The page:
Polarization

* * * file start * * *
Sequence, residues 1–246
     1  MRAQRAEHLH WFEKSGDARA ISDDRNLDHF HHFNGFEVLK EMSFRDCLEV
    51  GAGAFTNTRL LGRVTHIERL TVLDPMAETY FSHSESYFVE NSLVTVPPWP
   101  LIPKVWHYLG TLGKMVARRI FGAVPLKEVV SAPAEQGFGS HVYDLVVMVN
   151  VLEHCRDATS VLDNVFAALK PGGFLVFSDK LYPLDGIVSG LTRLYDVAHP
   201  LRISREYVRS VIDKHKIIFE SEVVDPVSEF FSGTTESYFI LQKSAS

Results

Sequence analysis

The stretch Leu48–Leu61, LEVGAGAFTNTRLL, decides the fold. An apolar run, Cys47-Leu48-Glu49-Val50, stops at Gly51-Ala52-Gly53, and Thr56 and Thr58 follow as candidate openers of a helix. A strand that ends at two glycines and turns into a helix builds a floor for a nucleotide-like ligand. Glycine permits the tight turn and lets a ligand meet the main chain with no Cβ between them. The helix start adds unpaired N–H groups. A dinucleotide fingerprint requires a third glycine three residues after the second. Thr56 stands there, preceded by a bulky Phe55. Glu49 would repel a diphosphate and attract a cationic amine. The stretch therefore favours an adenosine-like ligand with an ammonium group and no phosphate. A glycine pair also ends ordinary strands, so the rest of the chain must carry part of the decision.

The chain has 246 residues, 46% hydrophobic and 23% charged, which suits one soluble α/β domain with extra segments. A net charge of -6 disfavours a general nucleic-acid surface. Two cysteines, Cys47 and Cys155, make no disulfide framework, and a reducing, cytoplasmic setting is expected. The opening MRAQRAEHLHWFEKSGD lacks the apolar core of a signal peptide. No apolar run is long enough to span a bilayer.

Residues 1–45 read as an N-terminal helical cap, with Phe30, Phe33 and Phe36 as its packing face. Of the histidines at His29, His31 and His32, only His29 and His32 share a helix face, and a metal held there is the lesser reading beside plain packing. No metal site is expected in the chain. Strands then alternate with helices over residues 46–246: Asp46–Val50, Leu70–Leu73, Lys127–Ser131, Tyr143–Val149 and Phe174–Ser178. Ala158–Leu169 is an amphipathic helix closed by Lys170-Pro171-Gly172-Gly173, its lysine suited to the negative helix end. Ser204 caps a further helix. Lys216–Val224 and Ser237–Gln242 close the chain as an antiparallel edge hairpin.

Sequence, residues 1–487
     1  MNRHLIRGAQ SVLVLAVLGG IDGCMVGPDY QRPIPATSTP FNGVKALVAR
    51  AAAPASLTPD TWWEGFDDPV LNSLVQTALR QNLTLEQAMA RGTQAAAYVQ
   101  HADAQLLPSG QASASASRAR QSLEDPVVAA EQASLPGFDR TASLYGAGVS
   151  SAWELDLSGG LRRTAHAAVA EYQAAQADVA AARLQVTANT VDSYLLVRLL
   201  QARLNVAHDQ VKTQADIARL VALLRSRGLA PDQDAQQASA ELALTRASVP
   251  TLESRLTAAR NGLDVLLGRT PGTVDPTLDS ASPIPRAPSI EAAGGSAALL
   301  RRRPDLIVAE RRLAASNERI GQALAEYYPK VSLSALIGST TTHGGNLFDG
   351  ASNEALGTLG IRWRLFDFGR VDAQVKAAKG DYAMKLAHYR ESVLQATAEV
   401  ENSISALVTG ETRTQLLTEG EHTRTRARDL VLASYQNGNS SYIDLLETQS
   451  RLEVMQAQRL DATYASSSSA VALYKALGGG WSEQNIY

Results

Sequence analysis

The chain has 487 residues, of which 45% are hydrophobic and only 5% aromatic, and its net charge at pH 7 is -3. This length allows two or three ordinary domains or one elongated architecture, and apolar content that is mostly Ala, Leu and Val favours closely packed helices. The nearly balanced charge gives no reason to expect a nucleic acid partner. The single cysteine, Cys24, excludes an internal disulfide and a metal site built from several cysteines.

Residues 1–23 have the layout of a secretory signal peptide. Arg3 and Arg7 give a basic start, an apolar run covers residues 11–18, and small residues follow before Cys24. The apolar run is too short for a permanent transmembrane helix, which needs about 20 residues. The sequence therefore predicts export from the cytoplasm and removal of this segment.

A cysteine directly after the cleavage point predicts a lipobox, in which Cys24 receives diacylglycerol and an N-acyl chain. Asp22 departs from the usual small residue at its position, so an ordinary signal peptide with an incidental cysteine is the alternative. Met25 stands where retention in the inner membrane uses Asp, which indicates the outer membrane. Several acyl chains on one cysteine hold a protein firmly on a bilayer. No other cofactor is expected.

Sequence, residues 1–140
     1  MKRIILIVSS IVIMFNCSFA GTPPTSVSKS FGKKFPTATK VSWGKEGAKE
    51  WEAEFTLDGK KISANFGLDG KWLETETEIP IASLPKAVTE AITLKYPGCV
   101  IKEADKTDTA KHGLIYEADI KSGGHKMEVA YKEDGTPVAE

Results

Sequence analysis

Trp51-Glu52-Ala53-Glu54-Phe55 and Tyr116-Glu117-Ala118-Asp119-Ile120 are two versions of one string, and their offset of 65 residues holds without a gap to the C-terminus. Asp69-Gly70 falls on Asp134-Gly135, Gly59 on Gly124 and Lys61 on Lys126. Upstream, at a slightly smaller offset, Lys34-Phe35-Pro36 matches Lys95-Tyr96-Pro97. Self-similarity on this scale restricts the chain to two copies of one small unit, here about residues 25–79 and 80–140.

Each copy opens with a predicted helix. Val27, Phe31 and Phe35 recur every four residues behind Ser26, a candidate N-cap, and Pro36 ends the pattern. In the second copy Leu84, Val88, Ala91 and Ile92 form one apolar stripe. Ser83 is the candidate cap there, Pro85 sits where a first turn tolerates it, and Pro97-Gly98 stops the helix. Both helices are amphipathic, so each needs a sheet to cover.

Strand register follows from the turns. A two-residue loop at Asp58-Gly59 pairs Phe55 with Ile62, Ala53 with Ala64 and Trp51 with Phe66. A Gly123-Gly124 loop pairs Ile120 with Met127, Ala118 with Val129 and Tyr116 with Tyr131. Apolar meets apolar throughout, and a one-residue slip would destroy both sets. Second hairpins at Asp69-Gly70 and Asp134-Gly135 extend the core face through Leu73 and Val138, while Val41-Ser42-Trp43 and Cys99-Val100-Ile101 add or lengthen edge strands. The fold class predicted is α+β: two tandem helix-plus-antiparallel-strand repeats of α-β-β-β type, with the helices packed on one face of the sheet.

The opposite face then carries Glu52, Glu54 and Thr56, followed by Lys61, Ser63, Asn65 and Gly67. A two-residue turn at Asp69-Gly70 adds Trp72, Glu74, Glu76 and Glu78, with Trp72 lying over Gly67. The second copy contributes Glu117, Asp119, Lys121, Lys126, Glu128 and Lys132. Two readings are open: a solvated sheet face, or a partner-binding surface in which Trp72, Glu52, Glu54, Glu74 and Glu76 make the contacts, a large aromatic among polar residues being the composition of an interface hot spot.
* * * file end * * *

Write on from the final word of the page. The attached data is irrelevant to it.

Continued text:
As is the case with other chemical reactions, the driving force of a corrosion reaction is related to the difference in energy between an initial equilibrium that is higher in energy than the final equilibrium. As corrosion action proceeds, this difference in energy tends to decrease as a result of the effects of the products of anodic and cathodic reactions in the vicinity of the corrosion sites. The cathodic reaction, and with it the overall corrosion reaction, would slow down if, for example, the hydrogen product of the cathodic reaction were not removed by evolution as gas or some reaction involving oxygen. This slowing down is said to be the result of cathodic polarization.

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